There will be times that your little boy is back and wants to cuddle with you and have you read to him.
But then that ‘tween’ will come back at times as well.
Try your best to take the emotion out of it.
Ignore the eye rolling, the long sighs and the comments like ‘I’m bored’ and ‘Okaaaaaaaaay’.
Spot the diversionary tactics he uses to avoid doing what he needs to do and call him out on it.
Know that this too shall pass.
Don’t Lower Your Expectations
Ensure he knows what the rules are.
Know that he’s ruffling his feathers and testing his limits with you.
This is the time where he is testing you and it will set the tone for his teenage years.
Stay the course.
Stick to your guns.
Don’t back down.
Be strong, even if he tells you you’re being mean.
Be Consistent with Consequences
Let him know that actions warrant consequences.
Be specific with the actions that are unacceptable and the consequences that will take place.
Examples of consequences:
- Taking away screen time
- No social media (keeps drama to a minimum)
- Know his ‘currency’
- For my son, his ‘currency’ used to be Thomas the Train when he was a small child. That obviously wouldn’t work now.
- His ‘currency; now is his video games or having a friend over.
Ask him ‘How would you feel if……?’
Tell him how his behavior makes you feel.
Remind yourself that this is the first in many steps that will help him be the best adult he can be. This will help him with how to handle life issues outside of the confines of the safe environment of his home once he goes out into the real world.
Believe it or not, children thrive on structure and even consequences.
Here’s an example: My son never finishes his packed lunch at school. He’s never been a big lunch eater and is very picky. He had been coming home from school with headaches and uneaten lunches. I finally told him that if he doesn’t eat his lunch, he loses a day of video games. This worked for a couple of weeks. I recently pulled his lunch bag out of his backpack and saw that he hadn’t eaten his lunch again. Using the advice I received from my mom friends, I told myself that I have to stick with the consequences I set upon him. I told him that because he didn’t eat his lunch, he can’t play video games the following day. He didn’t even flinch. He just said ‘Okay’. The following morning I found him reading because he knew he couldn’t play video games. It was almost like he wanted to pay the consequences.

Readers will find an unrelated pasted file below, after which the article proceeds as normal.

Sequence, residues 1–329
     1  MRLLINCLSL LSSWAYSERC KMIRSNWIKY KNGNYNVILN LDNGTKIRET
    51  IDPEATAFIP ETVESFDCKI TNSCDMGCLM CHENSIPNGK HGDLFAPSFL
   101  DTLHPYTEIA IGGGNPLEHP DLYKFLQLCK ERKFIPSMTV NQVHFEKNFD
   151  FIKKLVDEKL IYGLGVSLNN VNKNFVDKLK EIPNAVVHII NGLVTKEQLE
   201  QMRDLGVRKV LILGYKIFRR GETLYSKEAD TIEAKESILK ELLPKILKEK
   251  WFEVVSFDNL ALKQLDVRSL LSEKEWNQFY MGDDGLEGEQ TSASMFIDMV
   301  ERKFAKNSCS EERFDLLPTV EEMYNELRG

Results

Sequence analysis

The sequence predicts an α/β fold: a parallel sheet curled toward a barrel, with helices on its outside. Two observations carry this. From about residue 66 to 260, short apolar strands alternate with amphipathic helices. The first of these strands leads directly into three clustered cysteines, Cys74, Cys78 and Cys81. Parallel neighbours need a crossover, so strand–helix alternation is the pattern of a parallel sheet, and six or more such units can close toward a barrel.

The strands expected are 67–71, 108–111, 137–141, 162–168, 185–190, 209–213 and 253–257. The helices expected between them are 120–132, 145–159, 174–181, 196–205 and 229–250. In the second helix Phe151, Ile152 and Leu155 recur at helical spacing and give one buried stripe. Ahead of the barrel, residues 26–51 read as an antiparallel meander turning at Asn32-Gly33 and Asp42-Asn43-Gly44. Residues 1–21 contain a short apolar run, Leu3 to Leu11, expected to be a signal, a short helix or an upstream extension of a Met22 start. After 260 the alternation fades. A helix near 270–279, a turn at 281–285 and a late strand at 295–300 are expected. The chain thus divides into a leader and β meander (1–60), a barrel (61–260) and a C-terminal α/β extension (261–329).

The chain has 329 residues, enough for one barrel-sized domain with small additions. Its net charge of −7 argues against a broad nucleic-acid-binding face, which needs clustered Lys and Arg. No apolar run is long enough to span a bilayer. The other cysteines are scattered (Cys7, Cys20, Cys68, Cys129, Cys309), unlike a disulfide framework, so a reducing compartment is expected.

I truly believe that structure brings children comfort, knowing what is expected of them.
It also instills trust in them that you follow through with what you tell them.
Chores are also a good way to provide structure and foster independence, which is so important because you want him to be a productive adult.
Here’s a great age appropriate chore chart from Sports Mom Survival Guide:
Yeah, I know, cleaning toilets is going to be a tough sell, but hey, I had to do it when I was his age.
Don’t Try to be His Friend Until He Becomes An Adult
I like that nickname! The Enforcer!
That’s me! Mom, the Enforcer!
And you know what? Kids need that through every phase of childhood in order to prevent them from growing up into an entitled adult.
Of course they also need you as Mom the nurturer, the cook, the taxi, the shoulder to cry on, the audience for their jokes, the homework helper, the encourager, the shopper, the advice-giver, and their biggest fan!
Being a parent is a hugely important job, but one that I wouldn’t trade for anything in this entire world!
Do you have any tween tips you’d like to share?
Please let us know in the comments.
We mommas need to stick together!